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Kill ‘em with kindness

Geneva Mueller
Geneva Mueller

Fair warning: this isn’t going to be my usual diatribe on the perils and injustices of modern society. Although I stand by the importance of those kinds of topics, I would like to talk about something far more important.

I want to talk about being kind to one another.


This past week, I experienced a really interesting role reversal. I am the president of the CSU Triathlon team and our Halloween 5k was this past Saturday, an event that benefits both our team and a local organization called Athletes in Tandem. We were on campus promoting our event and from my perspective, we were being perfectly polite; simply making an effort to spread the word about our event.

We began our dialogue with a simple “Do you enjoy Halloween? Do you enjoy running?” And although I can respect that some people do not enjoy either of those activities, some people were incredibly rude. Between the snide remarks and dirty looks, I almost felt sorry for all the times that I ignored the “Hey, can I ask you a few questions?” folks. Almost.

Everyone has “stuff”: those things that you inexplicably just cannot stand. Those days when you just can’t handle anyone or anything that gets in your path. But whatever it is—whatever your baggage is, wherever it came from and however it has manifested itself—we’ve got to be in this together.

I recognize the impossibility of being a smiling, sunshiny person 100 percent of the time. But I feel like it’s our human obligation to at least make an effort to act towards one another in this “spirit of brotherhood” indicated by the Universal Declaration of Human Rights.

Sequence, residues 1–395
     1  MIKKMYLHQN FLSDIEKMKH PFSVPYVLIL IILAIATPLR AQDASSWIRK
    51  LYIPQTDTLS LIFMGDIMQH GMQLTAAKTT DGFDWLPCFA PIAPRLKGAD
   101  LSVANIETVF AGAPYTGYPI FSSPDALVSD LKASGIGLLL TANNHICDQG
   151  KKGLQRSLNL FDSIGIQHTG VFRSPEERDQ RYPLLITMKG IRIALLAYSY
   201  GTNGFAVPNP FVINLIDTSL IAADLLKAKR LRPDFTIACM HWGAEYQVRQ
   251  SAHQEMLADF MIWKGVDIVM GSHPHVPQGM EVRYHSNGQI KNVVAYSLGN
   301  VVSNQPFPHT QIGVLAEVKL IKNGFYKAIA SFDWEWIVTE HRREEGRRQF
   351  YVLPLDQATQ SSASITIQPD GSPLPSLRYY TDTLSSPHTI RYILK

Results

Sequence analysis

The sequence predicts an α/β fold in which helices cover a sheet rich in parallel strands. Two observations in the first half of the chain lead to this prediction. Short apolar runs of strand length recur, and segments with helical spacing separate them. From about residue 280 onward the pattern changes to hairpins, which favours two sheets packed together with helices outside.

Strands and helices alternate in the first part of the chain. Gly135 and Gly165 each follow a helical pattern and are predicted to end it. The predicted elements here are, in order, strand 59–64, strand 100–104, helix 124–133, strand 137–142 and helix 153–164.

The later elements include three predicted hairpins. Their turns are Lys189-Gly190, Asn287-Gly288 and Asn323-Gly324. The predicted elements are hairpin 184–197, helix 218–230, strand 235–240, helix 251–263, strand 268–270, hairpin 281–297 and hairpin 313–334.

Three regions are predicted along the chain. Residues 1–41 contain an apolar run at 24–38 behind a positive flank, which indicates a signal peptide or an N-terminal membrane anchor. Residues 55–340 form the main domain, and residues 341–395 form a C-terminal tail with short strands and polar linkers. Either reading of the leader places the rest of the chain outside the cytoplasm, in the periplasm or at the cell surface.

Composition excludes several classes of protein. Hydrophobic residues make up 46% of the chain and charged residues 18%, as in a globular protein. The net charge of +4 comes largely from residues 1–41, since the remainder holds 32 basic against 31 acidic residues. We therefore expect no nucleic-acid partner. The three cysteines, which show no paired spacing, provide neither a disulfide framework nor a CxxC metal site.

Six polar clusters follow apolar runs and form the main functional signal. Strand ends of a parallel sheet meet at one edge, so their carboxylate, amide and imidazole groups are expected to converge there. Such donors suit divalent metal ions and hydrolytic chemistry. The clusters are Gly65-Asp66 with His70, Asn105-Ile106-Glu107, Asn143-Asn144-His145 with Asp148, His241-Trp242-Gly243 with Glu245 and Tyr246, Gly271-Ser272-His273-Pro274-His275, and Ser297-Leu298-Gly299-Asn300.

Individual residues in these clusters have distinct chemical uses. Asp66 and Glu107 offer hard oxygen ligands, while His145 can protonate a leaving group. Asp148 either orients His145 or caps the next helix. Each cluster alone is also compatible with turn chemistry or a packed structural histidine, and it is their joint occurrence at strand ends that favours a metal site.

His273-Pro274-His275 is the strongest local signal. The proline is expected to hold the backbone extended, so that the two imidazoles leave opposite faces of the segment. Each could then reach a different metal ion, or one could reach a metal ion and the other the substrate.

The fact of the matter is that however you might refer to them—your peeps, homies, bros, sisters, besties—we’re all humans and we’re all just hanging out on this earth doing the best we can to do the right thing. And due to that inherent fact, despite circumstance or situation, we all deserve to be treated with kindness.

It might seem fluffy and fruitless. But I’d like to say thank you all of the people that I’ve been fortunate enough to encounter who embody this spirit of unparalleled, unexpected and often unreciprocated kindness. You all remind me of the responsibility that comes with being a part of the human race. There’s no such thing as being better than someone else, so you might as well start your day off with a smile on that face of yours and greet the day with kindness on your face. You’d be surprised at the extent to which projecting outward happiness can impact your inward feelings.

So, I know it seems simple, Rams. But do not underestimate the power of being kind. You can never predict the implications that your actions may have on those involved in your life and, more importantly, those you didn’t even know were watching.

Geneva Mueller is a junior political science and international studies double major. Letters and feedback can be sent to

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